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Poll: Markey expands his lead in Mass. Senate race

Poll: Markey expands his lead in Mass. Senate race
Gabriel Gomez For U.S. Senate
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Monday, June 17, 2013 - 9:10am

A new poll indicates Democratic Rep. Ed Markey has slightly widened his advantage over Republican opponent Gabriel Gomez in the campaign for the June 25 special election for a U.S. Senate seat in Massachusetts.

The longtime congressman leads Gomez by 11 points, 54%-43%, among likely voters who are leaning toward a candidate, according to the new Boston Globe survey, released Sunday.

When voters were asked who would get their vote for if the election were held today, the gap expanded, with Markey still at 54% but Gomez at 41%.

The new results come after two polls last week indicated Gomez, a businessman and political newcomer, was gaining some ground on Markey, standing only 7 percentage points behind the Democrat in the reliably blue state.

A number of top Democrats, including President Obama, first lady Michelle Obama, and former President Bill Clinton, have turned out for Markey in the state. Vice President Joe Biden is slated to campaign with him this week.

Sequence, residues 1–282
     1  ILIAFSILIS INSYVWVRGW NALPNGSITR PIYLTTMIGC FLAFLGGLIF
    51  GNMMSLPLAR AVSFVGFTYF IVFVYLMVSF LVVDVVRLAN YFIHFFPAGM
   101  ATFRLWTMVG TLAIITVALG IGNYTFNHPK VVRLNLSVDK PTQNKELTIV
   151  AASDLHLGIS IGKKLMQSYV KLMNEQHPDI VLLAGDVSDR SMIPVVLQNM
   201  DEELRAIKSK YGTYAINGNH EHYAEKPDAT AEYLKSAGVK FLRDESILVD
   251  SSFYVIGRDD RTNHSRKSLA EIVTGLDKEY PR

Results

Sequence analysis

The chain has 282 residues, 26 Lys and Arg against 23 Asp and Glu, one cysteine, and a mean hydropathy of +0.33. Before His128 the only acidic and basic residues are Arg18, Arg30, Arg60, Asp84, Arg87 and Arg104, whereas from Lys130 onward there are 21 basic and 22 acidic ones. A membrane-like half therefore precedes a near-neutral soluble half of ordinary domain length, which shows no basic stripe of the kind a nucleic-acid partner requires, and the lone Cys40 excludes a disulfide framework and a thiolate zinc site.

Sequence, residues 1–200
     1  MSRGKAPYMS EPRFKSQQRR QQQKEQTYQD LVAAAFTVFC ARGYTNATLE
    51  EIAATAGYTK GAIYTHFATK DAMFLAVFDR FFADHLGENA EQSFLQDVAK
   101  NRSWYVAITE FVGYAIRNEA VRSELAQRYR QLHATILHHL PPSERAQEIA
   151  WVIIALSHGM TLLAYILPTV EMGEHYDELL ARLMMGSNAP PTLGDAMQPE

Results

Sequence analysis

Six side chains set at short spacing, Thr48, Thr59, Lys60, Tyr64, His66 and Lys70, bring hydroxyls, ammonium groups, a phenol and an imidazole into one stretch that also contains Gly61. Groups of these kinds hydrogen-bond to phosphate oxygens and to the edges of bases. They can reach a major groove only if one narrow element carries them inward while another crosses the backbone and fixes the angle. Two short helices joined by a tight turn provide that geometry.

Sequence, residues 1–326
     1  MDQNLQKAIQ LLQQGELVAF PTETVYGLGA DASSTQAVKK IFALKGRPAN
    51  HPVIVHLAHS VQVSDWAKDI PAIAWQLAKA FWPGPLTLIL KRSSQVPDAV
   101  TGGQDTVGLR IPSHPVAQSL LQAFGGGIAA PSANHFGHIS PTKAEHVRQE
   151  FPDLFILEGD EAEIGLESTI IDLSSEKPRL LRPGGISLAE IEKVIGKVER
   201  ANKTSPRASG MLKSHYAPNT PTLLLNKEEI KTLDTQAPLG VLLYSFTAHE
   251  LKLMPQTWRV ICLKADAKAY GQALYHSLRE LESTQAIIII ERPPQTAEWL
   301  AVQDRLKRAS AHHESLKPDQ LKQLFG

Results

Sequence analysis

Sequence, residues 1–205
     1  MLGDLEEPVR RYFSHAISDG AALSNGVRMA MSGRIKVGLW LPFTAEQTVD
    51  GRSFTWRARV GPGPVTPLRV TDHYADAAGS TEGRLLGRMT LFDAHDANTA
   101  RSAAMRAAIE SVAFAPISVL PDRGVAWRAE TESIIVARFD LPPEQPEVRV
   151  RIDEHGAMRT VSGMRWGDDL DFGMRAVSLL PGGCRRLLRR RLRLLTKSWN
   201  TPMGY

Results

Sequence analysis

But the poll indicates that the election, held to fill the seat vacated by Democrat John Kerry earlier this year, hasn't generated high interest in the state. Thirty-four percent of respondents said they knew a lot about Markey - who has been in the House for 37 years - and 13% said they knew a lot about Gomez.

And according to the Globe, poll respondents find Gomez more likable. He also has the edge over Markey among unenrolled or independent voters, a crucial voting bloc in the race.

The two engaged in their second of three debates last week. With less than 10 days to go before Election Day, the next week of campaigning will no doubt be heated, capping a race that has already seen its share of ugly battles.

Gov. Deval Patrick, a Democrat, earlier this year appointed Democrat Mo Cowan as an interim senator until voters make their selection next week.

The survey was conducted by telephone with 508 likely voters from June 11 to June 14, and has a sampling error of plus or minus 4.3 percentage points.

-- CNN's Ashley Killough and Steve Brusk contributed to this report.

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